Lakhovsky further explained in his books, Le Secret de la Vie, and especially in La Terre et Nous, that every living cell draws its oscillatory energy from the field of secondary radiations resulting from the ionization of the geological substances of the earth by cosmic radiations.

He proposed that many internal and external stimuli can disturb the oscillating equilibrium of cells. For instance, a great variation in the intensity of the ambient radiations (cosmic, atmospheric, and telluric), the demineralization of the organic matter constituting the cellular substance, or traumas causing the destruction of the nucleus and the protoplasm by shock, are common causes of cellular disturbance, and consequently, of illness and death. Certain natural radiations are particularly toxic, especially those originating on Earth (geopathic currents). Many cancer cases have been attributed to these toxic radiations and proven experimentally, notably in Germany by Dr. Rambeau of Marburg. Therefore, earth radiation sometimes causes disturbance of the cellular oscillatory equilibrium of the organism.

Early "Electro-Culture"

In December 1924, Lakhovsky also began experimenting with metal circuits: or "oscillating circuits" using first copper and later various metals. He was invited to research his equipment at the Salpêtrière Hospital. 
He inoculated 10 geranium plants with cancer cultures that produced tumors. After 30 days, tumors had developed in all 30 cm (12") in diameter around the center of the plant. He took one of the 10 infected plants and simply fashioned a heavy copper wire in one loop, an open-ended coil about antennae or a tuning coil, collecting and concentrating oscillation energy from extremely high-frequency cosmic rays. The diameter of the copper loop determined which range of frequencies would be captured. He found that the 30 cm loop captured frequencies that fell within the resonant frequency range of the plant's cells. This captured energy reinforced the resonant oscillations naturally produced by the nucleus of the germanium's cells. This allowed the plant to overwhelm the oscillations of the cancer cells and destroy the cancer. The tumors fell off in less than 3 weeks and by 2 months the plant was thriving. All the other cancer-inoculated plants without the antennae coil- died within 30 days. In his book, Lakhovsky shows pictures of the recovered plant after 2 months, 6 months, and 1 year. Three years later, with the original coil left in place, the plant grew into a very robust specimen. These “oscillating circuits” were without any artificial excitation. This was the early beginning of “electro-culture”. on plants.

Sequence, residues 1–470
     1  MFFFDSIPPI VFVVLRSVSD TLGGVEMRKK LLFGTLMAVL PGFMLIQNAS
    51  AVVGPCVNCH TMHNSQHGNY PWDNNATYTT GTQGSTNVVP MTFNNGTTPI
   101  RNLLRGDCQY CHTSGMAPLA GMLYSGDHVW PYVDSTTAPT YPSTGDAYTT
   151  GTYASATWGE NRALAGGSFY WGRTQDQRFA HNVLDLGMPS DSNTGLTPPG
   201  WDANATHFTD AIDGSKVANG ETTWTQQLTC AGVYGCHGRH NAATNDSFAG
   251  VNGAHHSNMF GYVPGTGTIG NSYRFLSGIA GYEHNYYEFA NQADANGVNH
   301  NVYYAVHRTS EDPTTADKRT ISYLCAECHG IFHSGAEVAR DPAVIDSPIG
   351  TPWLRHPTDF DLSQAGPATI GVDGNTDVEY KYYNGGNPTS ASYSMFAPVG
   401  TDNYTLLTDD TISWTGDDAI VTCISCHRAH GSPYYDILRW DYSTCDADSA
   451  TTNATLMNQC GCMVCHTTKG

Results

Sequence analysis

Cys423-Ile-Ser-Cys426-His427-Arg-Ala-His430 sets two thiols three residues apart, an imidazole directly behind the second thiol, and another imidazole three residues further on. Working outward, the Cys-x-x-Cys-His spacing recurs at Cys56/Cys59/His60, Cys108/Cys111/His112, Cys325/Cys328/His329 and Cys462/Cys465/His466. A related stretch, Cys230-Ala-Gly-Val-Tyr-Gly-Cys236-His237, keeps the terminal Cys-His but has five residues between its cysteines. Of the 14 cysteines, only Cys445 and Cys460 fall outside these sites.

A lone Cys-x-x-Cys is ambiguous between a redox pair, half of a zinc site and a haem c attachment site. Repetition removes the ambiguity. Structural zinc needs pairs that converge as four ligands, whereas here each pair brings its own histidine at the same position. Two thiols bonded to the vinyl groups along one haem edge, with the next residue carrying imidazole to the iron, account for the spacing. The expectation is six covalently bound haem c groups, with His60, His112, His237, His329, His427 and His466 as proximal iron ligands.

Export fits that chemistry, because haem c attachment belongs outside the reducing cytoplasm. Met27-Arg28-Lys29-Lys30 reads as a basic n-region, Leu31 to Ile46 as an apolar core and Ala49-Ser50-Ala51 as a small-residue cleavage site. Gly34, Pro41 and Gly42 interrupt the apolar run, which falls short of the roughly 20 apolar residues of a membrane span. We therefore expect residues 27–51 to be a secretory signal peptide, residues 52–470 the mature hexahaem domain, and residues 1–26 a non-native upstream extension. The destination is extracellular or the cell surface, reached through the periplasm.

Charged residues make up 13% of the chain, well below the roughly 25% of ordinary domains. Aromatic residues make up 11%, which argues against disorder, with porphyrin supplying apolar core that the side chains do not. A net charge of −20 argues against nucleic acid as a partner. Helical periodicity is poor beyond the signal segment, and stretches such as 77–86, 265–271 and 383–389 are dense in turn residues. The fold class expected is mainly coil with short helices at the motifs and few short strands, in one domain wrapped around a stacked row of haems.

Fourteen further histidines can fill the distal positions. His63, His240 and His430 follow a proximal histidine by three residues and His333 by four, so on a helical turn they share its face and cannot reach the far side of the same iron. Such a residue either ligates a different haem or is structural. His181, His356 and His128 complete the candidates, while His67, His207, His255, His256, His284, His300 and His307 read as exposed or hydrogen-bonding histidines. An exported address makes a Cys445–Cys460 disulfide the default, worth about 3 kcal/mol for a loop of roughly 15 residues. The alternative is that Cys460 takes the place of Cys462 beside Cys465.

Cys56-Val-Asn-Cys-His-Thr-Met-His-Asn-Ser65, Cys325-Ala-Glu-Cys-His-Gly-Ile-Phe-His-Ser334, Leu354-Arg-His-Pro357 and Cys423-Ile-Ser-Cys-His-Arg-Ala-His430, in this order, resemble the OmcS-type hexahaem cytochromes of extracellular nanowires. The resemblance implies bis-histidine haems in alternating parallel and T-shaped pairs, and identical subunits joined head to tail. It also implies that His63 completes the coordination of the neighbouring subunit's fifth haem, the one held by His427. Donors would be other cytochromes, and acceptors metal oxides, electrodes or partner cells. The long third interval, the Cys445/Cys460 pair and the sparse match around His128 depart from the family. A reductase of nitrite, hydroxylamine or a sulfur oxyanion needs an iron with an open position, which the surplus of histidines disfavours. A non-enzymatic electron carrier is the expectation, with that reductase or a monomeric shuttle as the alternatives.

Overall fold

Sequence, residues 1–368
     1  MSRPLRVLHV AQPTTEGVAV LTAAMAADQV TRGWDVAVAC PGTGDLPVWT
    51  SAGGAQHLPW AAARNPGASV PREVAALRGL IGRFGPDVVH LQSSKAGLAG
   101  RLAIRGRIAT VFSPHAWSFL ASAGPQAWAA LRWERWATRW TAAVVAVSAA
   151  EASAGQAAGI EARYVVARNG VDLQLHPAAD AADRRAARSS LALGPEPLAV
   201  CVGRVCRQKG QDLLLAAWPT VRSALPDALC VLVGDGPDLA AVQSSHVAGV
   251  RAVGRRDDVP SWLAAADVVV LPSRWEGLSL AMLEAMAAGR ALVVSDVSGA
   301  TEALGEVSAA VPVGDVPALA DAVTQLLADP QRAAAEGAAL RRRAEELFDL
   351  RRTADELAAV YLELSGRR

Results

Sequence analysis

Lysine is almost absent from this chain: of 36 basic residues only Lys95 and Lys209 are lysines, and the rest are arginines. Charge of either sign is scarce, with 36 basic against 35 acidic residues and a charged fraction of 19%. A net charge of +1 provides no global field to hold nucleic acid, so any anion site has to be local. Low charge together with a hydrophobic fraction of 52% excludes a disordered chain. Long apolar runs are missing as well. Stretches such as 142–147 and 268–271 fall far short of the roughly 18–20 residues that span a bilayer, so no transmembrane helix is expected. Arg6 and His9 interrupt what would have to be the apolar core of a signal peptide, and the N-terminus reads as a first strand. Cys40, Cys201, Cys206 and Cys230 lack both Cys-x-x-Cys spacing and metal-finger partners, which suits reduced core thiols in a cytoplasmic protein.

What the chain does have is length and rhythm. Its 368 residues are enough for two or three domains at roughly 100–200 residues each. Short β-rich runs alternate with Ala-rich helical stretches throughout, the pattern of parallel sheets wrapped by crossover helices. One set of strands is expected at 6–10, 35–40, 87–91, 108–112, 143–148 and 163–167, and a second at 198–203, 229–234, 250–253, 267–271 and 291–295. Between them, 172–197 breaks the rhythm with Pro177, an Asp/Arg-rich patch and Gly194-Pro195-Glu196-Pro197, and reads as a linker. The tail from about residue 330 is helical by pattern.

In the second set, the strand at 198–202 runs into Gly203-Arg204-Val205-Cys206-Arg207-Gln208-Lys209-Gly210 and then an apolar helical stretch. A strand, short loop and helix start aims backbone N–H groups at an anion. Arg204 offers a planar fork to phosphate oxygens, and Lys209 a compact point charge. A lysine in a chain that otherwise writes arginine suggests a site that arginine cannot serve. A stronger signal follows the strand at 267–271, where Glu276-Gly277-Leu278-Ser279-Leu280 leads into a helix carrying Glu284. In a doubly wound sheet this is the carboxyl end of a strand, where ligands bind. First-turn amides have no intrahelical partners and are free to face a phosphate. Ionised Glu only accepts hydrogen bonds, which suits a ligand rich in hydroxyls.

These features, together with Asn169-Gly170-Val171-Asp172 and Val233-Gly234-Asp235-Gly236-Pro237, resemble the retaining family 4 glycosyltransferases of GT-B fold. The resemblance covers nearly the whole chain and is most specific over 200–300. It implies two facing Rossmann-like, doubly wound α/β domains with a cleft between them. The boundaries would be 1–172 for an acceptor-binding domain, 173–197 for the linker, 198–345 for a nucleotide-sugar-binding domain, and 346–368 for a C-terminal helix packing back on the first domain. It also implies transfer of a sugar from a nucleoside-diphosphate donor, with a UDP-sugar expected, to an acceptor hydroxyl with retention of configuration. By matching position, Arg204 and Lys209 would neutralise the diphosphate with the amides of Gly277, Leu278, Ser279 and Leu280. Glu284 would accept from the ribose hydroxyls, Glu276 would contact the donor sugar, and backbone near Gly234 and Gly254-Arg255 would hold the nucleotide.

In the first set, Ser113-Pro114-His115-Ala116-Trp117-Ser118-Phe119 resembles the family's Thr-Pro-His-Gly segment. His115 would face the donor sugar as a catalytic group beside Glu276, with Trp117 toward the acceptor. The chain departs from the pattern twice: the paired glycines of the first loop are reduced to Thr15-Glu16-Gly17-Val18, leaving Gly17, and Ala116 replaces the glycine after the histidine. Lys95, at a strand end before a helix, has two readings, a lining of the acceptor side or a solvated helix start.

Experiments with Terminally Ill Cancer Patients

Lakhovsky then proceeded to tackle cancerous tumors in humans and fashioned loops of copper wire that could be worn around the waist, neck, elbows, wrists, knees, or ankles of people. He found that over time relief of painful symptoms was obtained. He theorized that these simple coils, worn continuously around certain parts of the body, would invigorate the vibrational strength of cells and increase the immune response which in turn detoxified the cells and mitigated tumors.

The Radio Cellular Oscillator

Next, Lakhovsky construed a device that produced a broad range of high-frequency pulsed signals that radiate energy to the patient via two round resonators, one resonator acting as a transmitter and the other as a receiver. He called it a Radio Cellular Oscillator. The machine generates a very wide spectrum of high frequencies coupled with static high-voltage charges applied to the resonators. These high voltages cause a corona discharge around the perimeter of the outside resonator ring that Lakhovsky called effluvia. The patient sat on a wooden stool in between the two resonators and was exposed to these energies for about fifteen minutes. The frequency waves sped up the recovery process by stimulating the resonance of healthy cells in the patient and in doing so, increased the immune response to the disease organisms. This invention produced very short electric waves, from 2 to 10 meters in length.

In 1925, Lakhovsky wrote a Radio News Magazine article entitled "Curing Cancer with Ultra Radio Frequencies."  That year Lakhovsky was invited to apply his Radio Cellular Oscillator to terminally ill cancer patients which resulted in positive effects. However, during one experiment, Lakhovsky received a discharge of 1600 volts by touching the device. He was paralyzed for more than three weeks. He underwent therapy with massage and magnetism and after two weeks he was fully recovered. This event allowed him later, with his theories, to understand the reasons for the effectiveness of massage and magnetism.

In 1926 he published “The Origin of Life”, prefaced by d’Arsonval

For six years he continued his cancer research at the Salpétriere Hospital.  He employed short waves, using very low power, from 10 to 12 watts, with a limited duration of treatment. He succeeded in curing some terminal cancer patients but also experienced failures. He continued his experiments in other hospitals throughout Paris. However, in 1929, he gave up using short waves emitted on a single wavelength due to its potentially harmful thermal damage.